We walked around and spoke up to the man on the high stool. As if waking from a trance, Ham looked down and listened while Jim explained about the stamp album. Ham reached down for it and looked through it casually

“Ten bucks?” he said.

“What?” I cried. “It’s worth hundreds.”

“Says you,” said Ham, handing it negligently down to me.

“Maybe thousands,” I repeated heatedly.

Ham’s eyes were fixed glassily on the table again.

“Look,” Jim said, “gamblers are the most honest men in the world. You’ve heard that all your life, haven’t you?”

“Ten bucks,” I said contemptuously, tying the string back on it.

“Look,” pleaded Jim, holding my lapel, “everything is luck. isn’t it? How do we know this dizzy old album …”

“Jimmie,” I warned, clutching the book.

“A bad beginning,” said Jim, “means a good end. If I get ten bucks, I’ll probably be able to clean up $500 here in half an hour. I’ll split.”

“Split!” I snorted.

“Two-fifty in the hand is worth ten thousand in a bushy old album,” begged Jim. “Listen, this is a straight hunch. Why should we stumble in here, with that old book, unless …?”

I handed Jim the album, slowly, painfully. He handed it up to Ham and Ham, never shifting his eyes from the table, handed down a ten.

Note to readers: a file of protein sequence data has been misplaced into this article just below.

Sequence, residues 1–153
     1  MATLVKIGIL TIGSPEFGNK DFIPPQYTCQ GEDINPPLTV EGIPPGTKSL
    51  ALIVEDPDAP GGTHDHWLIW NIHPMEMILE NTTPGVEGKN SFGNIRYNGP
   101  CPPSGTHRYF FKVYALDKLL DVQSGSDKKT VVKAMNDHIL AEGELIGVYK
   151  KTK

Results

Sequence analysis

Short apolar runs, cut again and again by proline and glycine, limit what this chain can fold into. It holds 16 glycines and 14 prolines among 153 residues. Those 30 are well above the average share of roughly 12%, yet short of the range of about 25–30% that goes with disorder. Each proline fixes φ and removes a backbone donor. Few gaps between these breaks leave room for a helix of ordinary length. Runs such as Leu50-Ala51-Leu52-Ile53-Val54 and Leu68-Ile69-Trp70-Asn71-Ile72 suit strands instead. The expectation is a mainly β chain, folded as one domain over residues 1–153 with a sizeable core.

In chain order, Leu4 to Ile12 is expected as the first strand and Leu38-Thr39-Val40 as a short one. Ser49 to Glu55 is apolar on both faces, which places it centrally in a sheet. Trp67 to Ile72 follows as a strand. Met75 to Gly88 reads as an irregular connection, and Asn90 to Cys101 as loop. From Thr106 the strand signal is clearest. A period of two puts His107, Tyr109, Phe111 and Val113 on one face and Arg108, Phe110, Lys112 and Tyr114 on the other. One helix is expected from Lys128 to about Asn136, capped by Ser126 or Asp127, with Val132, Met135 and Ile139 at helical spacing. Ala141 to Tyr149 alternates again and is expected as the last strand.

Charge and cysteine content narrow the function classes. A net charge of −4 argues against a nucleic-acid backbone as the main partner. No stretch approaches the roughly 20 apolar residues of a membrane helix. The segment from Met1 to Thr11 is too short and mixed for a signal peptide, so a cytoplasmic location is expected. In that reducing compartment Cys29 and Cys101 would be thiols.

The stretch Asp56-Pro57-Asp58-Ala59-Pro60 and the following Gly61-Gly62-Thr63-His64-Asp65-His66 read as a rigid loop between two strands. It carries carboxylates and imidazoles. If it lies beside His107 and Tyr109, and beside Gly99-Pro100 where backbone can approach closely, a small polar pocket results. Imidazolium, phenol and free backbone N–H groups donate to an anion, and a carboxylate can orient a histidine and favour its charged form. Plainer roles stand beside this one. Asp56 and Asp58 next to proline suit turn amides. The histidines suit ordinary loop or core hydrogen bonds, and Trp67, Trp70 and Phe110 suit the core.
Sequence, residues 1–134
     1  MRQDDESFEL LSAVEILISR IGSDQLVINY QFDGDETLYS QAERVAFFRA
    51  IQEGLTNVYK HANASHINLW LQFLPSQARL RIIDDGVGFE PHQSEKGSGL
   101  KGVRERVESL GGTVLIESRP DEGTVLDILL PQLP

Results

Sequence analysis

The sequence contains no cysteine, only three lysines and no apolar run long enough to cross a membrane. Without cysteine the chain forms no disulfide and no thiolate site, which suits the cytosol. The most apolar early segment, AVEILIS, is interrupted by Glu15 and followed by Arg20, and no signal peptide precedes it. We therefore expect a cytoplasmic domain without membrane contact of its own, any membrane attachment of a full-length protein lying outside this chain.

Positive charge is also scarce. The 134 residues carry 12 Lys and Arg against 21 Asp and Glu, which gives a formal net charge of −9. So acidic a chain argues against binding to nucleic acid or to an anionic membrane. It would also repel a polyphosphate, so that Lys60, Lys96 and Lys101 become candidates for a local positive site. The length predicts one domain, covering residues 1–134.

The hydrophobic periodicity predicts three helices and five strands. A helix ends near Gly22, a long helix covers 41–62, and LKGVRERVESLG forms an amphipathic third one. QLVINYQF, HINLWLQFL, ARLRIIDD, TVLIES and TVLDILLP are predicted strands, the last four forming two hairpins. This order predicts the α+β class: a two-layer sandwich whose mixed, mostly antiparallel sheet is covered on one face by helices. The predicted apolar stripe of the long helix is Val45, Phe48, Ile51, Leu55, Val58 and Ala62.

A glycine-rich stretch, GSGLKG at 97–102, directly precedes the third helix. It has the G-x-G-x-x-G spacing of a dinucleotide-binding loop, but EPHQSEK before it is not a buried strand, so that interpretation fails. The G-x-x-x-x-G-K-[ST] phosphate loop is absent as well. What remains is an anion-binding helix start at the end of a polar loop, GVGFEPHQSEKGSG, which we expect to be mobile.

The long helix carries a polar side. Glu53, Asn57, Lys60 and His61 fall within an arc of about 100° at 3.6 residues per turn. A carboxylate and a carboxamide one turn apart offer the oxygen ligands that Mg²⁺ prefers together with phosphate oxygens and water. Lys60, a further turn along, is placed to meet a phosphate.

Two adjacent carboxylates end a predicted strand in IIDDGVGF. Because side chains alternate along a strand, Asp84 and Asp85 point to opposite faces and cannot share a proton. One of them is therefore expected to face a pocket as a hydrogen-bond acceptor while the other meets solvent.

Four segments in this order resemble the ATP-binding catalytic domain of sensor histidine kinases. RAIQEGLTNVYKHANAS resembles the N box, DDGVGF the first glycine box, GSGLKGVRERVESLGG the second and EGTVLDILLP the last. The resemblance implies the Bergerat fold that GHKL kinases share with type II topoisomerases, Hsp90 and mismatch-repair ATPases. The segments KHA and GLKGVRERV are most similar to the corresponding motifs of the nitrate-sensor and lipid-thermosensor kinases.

Jim went and waited at the table until the dice came to him. He put ten white chips on the line, with a regular slap.

He rolled. It was a six.

After the hubbub, they gave the dice back to Jim. He held the tube up and passed it slowly from his right hand to his left.

He rolled.


In the hubbub, our troubles seemed to be as nothing. We withdrew to a corner, and the boss came hurrying over.

“Gentlemen, gentlemen,” he cried, “not so loud. No fighting in here, if you please.”

“We’re ruined,” I informed him loudly.

“Ham will always advance you taxi fare home,” said the boss, gently.

“We’ve got our own car, thanks,” I declared.

Which was all.

While Greg was away as a war correspondent in World War Two, it was not uncommon for the Star Weekly to reprint an earlier story, with a new title and new drawing by Jim. The text would be edited (usually shortened), and perhaps a reference to the war would be added. This story appeared under the title “Talk About Luck” in 1943 (illustration here).

December 11, 1943

Editor’s Notes: Jim was always portrayed as the one more comfortable gambling, where Greg would be seen as more prudish.

Baize is the material used for billiards tables and casino games.